Title: The Testing
Publisher: Houghton Mifflin Books for Children
Release Date: June 4, 2013
Rating: 4 out of 5 stars
Summary from Goodreads: Keep your friends close and your enemies closer. Isn’t that what they say? But how close is too close when they may be one in the same?
The Seven Stages War left much of the planet a charred wasteland. The future belongs to the next generation’s chosen few who must rebuild it. But to enter this elite group, candidates must first pass The Testing—their one chance at a college education and a rewarding career.
Cia Vale is honored to be chosen as a Testing candidate; eager to prove her worthiness as a University student and future leader of the United Commonwealth. But on the eve of her departure, her father’s advice hints at a darker side to her upcoming studies--trust no one.
But surely she can trust Tomas, her handsome childhood friend who offers an alliance? Tomas, who seems to care more about her with the passing of every grueling (and deadly) day of the Testing. To survive, Cia must choose: love without truth or life without trust.
First Thoughts: After a self-imposed dystopian hiatus, this was just the book I needed to get me going again!
Let me start by saying I am a HUGE fan of dystopians! So much so, that for awhile it was all I read - I was stuck in a rut. Over the summer, I made myself take a break. I read realistic fiction, verse novels, historical fiction, paranormals - everything but dystopians. I’m glad I took that break for two reasons. One, I read some AMAZING books that might have taken a backseat otherwise. Two, when I ended my hiatus, it made The Testing that much better.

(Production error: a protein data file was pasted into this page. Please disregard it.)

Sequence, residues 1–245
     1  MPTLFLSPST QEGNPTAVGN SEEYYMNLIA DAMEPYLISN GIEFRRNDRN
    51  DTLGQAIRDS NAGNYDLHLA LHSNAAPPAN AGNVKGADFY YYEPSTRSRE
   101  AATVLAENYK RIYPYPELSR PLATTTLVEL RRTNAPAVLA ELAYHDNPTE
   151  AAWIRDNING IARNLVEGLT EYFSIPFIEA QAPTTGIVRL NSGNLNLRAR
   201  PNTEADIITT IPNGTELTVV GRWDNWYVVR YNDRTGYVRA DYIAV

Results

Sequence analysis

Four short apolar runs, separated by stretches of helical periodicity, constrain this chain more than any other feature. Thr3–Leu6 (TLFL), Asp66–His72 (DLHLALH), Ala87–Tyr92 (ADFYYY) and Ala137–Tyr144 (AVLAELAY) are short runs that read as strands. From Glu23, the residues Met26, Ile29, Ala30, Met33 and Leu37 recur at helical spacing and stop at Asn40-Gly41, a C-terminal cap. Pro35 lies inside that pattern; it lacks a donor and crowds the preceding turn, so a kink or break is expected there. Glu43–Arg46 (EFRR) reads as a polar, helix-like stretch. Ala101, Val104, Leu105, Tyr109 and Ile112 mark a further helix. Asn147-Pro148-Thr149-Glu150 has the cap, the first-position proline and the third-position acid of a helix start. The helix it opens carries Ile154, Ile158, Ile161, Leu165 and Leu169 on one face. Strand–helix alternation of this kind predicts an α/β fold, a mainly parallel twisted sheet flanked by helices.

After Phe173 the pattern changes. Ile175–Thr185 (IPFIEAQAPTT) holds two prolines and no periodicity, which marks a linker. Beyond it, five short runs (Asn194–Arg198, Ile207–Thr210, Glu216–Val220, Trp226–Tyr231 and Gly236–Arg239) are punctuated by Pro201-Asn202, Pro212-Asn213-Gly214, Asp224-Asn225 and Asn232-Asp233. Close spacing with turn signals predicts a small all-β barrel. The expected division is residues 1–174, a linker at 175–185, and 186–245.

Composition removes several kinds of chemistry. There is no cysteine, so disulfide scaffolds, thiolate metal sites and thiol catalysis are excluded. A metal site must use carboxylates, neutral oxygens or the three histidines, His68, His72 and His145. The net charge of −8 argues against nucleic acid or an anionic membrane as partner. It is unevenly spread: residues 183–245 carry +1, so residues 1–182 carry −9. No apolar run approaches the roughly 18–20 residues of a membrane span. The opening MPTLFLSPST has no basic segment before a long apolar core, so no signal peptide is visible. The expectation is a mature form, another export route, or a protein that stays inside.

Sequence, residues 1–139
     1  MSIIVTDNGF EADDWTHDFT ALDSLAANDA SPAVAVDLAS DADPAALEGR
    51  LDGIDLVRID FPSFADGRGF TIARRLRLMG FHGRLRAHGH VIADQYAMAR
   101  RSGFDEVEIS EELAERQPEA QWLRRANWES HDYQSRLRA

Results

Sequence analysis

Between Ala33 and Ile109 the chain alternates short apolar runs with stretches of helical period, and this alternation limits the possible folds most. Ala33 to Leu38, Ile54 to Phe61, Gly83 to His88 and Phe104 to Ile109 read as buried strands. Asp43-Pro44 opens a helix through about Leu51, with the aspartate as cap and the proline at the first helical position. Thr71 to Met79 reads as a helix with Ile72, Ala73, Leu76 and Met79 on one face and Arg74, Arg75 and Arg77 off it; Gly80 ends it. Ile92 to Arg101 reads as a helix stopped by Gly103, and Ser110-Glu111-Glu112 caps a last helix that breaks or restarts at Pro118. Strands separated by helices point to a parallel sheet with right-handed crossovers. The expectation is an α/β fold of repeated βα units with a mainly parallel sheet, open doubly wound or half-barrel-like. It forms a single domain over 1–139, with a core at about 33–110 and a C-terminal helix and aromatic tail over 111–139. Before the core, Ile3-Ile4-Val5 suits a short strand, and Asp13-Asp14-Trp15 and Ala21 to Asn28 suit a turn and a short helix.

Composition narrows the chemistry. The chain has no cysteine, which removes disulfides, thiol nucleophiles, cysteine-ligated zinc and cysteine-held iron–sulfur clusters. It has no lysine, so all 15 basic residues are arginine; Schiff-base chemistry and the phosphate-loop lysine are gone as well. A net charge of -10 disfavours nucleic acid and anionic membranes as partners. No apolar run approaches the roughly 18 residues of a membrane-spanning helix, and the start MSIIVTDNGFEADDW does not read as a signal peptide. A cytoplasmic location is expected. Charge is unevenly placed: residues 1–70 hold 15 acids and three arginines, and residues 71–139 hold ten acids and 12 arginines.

As always, I loved the strong female protagonist. Cia knows what’s right and she’ll do anything to fight for it, even if it makes her look weak or too trusting. There were points I wanted to put the book down and yell at her for some of her decisions. There were points I thought she was crazy for trusting certain people (even when her dad told her “trust no one”...come on Cia!!). But, after I turned the final page, I realized Cia was Cia; she, unlike many characters, stayed true to herself through the entire testing process. And that, more than anything, is what I loved about her.
As a reader, I really enjoyed the “trust no one” premise. I constantly found myself questioning every characters’ motives. I, along with Cia, never knew who was good or who was bad. That tension kept me on the edge of my seat up until the very last page.
I can’t believe I’m saying this, but I almost could have done without the romance in the novel altogether. I liked Cia on her own, and I didn’t want her to rely on Tomas for survival. Plus, the love between Cia and Tomas is not entirely believable at first. I needed more of a build-up: tension-filled moments, stolen glances, questioning feelings. It jumped from kind of liking to in love too fast for me.
At times, I did feel that The Testing featured some extreme parallels to The Hunger Games. Now, this is true for almost every dystopian (they are all based on the same broken-down, corrupt government storyline after all), but there were moments I wished Charbonneau pushed the story further off the well-worn path. The biggest sticking point, for me, was the premise of teens killing each other to win a competition, in this case The Test. Overall though, The Testing features enough unique differences that is does stand on its own.
Final Thoughts: I really enjoyed this book, and I’m just as excited for its sequel - Independent Study. This is going to be a top recommendation for all of my dystopian readers - a great series for them to continue on with!
Who Should Read It? Dystopian fans, this is a must-read for you! If you tore through The Hunger Games, Divergent, and Legend then you will fly through this one as well. It has action, intrigue, just a bit of romance, and it will leave you hanging at the end of every chapter. And, added bonus for my students, Joelle Charbonneau is a local author - how cool!